During the late 1970s, Philip Lopate (“Being with Children,” a memoir based on his teaching career), challenged a group of fifth and sixth graders in New York City at PS 75 in his writing program (part of the Teachers and Writers Collaborative) to what must have seemed, even then, like a foolhardy project, staging a full-production of Anton Chekhov’s Uncle Vanya in an abandoned off-Broadway theater a block away from their school.
Lopate wrote an essay called “Chekhov for Children” in 1979 about the experience that has been anthologized since then. University of Iowa professor and documentary filmmaker Sasha Waters Freyer participated in that experimental production, as a 10-year-old directing assistant to Lopate, and nearly three decades later, had the opportunity to explore the impact it had on everyone involved as they found themselves at the same age as Lopate then (36 years old), and Chekhov (39 years old) when he wrote the play. Her film draws its title from Lopate’s essay and comments on a quote from the piece; “Where does one draw the line between experimentation and self-indulgence?”
That question, while not directly posed during a recent phone interview with Dayton City Paper, hangs pregnantly (and quite Chekhovianly) over the conversation as it veers towards contemporary educational and political concerns.
Dayton City Paper (DCP): What led you to diving back into your past and the story in this way?
Sasha Waters Freyer (SWF): I teach at the University of Iowa and we have a non-fiction writing conference. In 2005, Philip Lopate came and was a keynote speaker, so I ran into him at the conference and discovered the existence of this tape. I said I would love to see the full “Vanya” performance. It had personal nostalgia value, not anything more. I forgot about it until several months later [when] he sent it to me. As soon as I started watching it, it certainly had that personal nostalgia value for me because it was my group of friends, but also the magnitude of the project hit me as an adult. This idea of performing Chekhov with 10-year-olds and I thought the performances were really interesting. So, I decided to track people down. I think that if I had discovered the tape 10 years earlier though, I’m not sure I would have been inspired to make a movie about it. There’s something about being middle-aged and being a parent and being a teacher that made me want to explore those issues.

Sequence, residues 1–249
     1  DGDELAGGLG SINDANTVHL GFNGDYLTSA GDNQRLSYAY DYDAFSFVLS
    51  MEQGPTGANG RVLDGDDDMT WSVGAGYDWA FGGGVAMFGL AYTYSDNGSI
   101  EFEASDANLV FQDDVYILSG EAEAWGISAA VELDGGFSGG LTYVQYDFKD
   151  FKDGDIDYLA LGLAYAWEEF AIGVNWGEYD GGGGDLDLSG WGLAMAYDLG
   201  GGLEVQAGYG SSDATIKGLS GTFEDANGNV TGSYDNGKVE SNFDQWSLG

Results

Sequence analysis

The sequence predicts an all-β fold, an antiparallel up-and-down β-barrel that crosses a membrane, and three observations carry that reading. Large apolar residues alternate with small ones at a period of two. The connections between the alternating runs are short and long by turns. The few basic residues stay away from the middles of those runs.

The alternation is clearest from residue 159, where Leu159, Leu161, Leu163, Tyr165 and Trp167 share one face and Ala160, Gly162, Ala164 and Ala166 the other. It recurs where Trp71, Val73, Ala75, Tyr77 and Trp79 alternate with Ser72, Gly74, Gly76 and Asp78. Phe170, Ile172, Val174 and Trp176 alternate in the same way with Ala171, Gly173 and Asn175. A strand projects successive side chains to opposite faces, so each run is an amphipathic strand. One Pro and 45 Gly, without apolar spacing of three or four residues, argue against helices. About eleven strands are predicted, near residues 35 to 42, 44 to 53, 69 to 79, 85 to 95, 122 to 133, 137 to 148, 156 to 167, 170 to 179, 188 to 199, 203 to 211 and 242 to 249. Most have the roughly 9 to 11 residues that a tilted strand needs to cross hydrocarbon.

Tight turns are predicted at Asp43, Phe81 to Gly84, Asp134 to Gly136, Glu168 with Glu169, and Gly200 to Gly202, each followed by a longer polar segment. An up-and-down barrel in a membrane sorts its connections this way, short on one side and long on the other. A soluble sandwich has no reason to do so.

DCP: When you were participating in this program, was it something outside the classroom experience? How was that set up?
SWF: Half of the school was very traditional, very structured and half had this open-corridor, where the classroom environment was much looser, so a lot of times we were being pulled out of class, away from regular lessons to be involved in this writing group that evolved into the “Uncle Vanya” project and then sometimes we were doing things after school. It was definitely something that ate into the regular school day in a way that I think would be extremely difficult, if not impossible now. In good schools, I think there are people doing interesting things to supplement what is happening in the classroom, but there is so much structure now in the classroom that it doesn’t allow for that kind of creative play and flexibility as it did back in the 1970s, depending on where you were.
DCP: You had this wealth of documentary footage allowing the participants to see themselves and talk about that (experience) as adults and what it meant to them. As you were working on this, what was the experience like for you because you were involved on a couple of different philosophical and critical levels?